At Centreville the column was halted, and my regiment assigned to position on the crest of the hill on the left of the road leading to Fairfax Court-House and behind the Brown Church. Here I was ordered to remain in line of battle, with my right next the road and fronting the approach from Fairfax Court-House. I detailed Company H, Captain Singletary, to take position as picket in the woods about one mile in front of my line, and Companies I, Captain Stackhouse, and G, Captain Harrington, were deployed as skirmishers at a distance of two hundred yards in front, extending from the turnpike to the Chantilly road.
At 12 o’clock p.m. my picket came in and reported the presence of the enemy in the woods near their late position. This was communicated to brigade headquarters, and at 1 o’clock I was ordered to draw in my outposts and join the column retiring towards Manassas. This was quietly done, my skirmishers reporting the sound of the tramp of men in the woods immediately in their front. At daybreak the column reached Bull Run. I left two companies, K, Captain S, and D, Captain Miller, on the north side of the run, to picket the Centreville road until the rear guard should come in, and, crossing at Mitchell’s Ford, I was ordered into position on the extreme left, my right resting on Colonel Williams’ Third Regiment South Carolina Volunteers, and my left extending to the distance of one mile above the ford. The regiment still occupying this position, Colonel Cash appeared in the lines early on Thursday and resumed command.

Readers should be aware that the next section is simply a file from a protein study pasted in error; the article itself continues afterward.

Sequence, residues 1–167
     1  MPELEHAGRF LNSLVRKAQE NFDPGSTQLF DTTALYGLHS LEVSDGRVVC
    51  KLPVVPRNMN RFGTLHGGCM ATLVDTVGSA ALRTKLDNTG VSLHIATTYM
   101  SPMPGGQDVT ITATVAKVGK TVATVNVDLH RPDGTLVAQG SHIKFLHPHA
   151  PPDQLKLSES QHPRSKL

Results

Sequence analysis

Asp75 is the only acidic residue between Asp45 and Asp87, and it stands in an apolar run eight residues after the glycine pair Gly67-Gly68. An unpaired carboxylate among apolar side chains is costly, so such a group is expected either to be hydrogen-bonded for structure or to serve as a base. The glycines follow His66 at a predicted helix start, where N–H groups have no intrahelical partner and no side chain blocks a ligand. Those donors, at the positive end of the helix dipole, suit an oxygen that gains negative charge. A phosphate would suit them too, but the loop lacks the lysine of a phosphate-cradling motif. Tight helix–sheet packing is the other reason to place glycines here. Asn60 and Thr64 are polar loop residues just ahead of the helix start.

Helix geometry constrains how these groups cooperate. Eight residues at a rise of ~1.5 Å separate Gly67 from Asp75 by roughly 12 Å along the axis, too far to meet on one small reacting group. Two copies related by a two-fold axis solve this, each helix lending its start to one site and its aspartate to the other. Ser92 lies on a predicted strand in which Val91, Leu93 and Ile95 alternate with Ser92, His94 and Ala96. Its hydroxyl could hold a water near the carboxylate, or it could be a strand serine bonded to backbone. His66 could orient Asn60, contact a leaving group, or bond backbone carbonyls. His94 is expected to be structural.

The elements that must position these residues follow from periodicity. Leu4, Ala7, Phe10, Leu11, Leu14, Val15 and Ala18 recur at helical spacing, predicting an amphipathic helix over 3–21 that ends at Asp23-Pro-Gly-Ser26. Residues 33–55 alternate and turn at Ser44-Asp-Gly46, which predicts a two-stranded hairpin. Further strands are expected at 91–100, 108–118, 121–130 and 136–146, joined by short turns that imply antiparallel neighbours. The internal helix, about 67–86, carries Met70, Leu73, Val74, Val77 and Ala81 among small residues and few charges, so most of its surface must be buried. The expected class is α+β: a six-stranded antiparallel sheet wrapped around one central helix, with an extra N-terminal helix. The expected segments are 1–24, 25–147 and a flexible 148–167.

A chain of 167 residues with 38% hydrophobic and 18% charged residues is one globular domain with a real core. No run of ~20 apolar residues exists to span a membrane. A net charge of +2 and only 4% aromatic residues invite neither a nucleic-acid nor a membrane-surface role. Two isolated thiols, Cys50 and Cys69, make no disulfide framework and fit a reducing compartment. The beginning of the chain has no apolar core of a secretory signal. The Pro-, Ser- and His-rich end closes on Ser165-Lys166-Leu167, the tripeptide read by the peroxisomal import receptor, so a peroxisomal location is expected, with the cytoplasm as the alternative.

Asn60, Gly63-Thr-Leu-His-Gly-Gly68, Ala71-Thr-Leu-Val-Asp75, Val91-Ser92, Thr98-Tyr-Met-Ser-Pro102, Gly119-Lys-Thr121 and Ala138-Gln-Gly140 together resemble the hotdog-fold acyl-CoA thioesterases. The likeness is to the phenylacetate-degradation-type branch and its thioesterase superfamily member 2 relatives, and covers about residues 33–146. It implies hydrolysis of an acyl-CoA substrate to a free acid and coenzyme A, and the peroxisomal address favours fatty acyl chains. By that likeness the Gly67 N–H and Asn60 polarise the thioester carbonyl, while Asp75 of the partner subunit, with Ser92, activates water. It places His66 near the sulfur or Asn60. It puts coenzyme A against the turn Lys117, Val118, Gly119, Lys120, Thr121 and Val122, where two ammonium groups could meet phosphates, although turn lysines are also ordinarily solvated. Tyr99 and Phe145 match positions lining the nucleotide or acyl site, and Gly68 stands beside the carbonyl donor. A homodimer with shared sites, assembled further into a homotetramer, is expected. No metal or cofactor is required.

JNO. W. HENAGAN,
Lieutenant-Colonel, Commanding Eighth S.C. Volunteers